4 Smart Moves When the Economy Slows
Identifying growth industries, positive trends and hot jobs
are only part of a strategic career management process that
will help you weather a slowdown in the economy. What are
some ways to take control of your career when the economic
outlook is weakening or uncertain?
1. Quietly and confidently communicate your value and
"Recession-proof your job by making sure that others,
above and below, know about your recent achievements,"
is the advice offered on the website of outplacement firm,
Challenger, Gray & Christmas, Inc. When individuals demonstrate
their capabilities, they signal willingness to take on additional
or new responsibilities, or fill in a gap. Doing this quietly
is key. The last thing they want to do is instigate ill will
and an unhealthy competitive climate among co-workers, causing
more problems for the manager. If employees are not already
working to capacity, they better get moving.
2. Expand your network.
Like the other suggestions in this article, marketing
oneself is one of the basic Career
Literacy skills needed to successfully navigate today's
work environment. The more individuals are connected to a
broader community beyond their departments or companies, the
more resilient they will be in their careers.
Smart moves include being strategic in seeking connections
with others, where they give thought to whom they should get
to know based on their career goals. These people will be
the first to hear about new opportunities through their network as the business slowdown begins to reverse. Social networking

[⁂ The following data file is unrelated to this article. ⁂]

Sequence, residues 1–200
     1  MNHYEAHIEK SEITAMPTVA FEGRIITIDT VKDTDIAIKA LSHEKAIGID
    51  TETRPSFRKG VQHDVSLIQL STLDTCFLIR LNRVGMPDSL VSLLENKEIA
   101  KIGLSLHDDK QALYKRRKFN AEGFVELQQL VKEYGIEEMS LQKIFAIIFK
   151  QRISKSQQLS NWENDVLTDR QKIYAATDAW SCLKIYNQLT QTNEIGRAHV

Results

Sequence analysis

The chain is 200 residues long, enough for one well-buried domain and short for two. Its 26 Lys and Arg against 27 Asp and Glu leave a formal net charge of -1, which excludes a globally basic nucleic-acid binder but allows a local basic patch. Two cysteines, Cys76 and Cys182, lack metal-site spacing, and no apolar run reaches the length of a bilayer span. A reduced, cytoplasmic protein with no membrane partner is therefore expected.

websites for professionals such as LinkedIn.com provide an
easy infrastructure for individuals to find each other, keep
in touch, and share information, job opportunities, and prospects
for new business that benefit their current employment situation.
3. Lay the foundation for a move to a new career that
offers more growth and opportunity.
Making great career choices always begins with in-depth self-knowledge.
Before individuals decide to pursue a new occupation, they
are wise to minimize the risk by gauging how well that job
and work environment aligns with their natural talents, interests,
personality and values. They conduct informational
interviews with individuals who are doing the kind of
work in which they are interested. These planful career managers
set up a job shadowing day with these same individuals, spending
a day with them on the job observing what they do and "trying
on" the work environment. This is a good time to find
out educational or training requirements, and begin taking
classes. Career changes take time.
4. Maintain a positive, optimistic attitude in the face
Most people call this "personal character" and it
sets individuals apart from the crowd. In work environments
where budgets are tight, business is declining, and employees
are concerned about their jobs, savvy career managers learn
to see the silver linings in a stormy situation. They see
their role as part of the solution rather than part of the
problem. They know that business is cyclical, and "this
too shall pass." When it does, they are ready.
© Copyright 2008, Career Vision. Article may be reprinted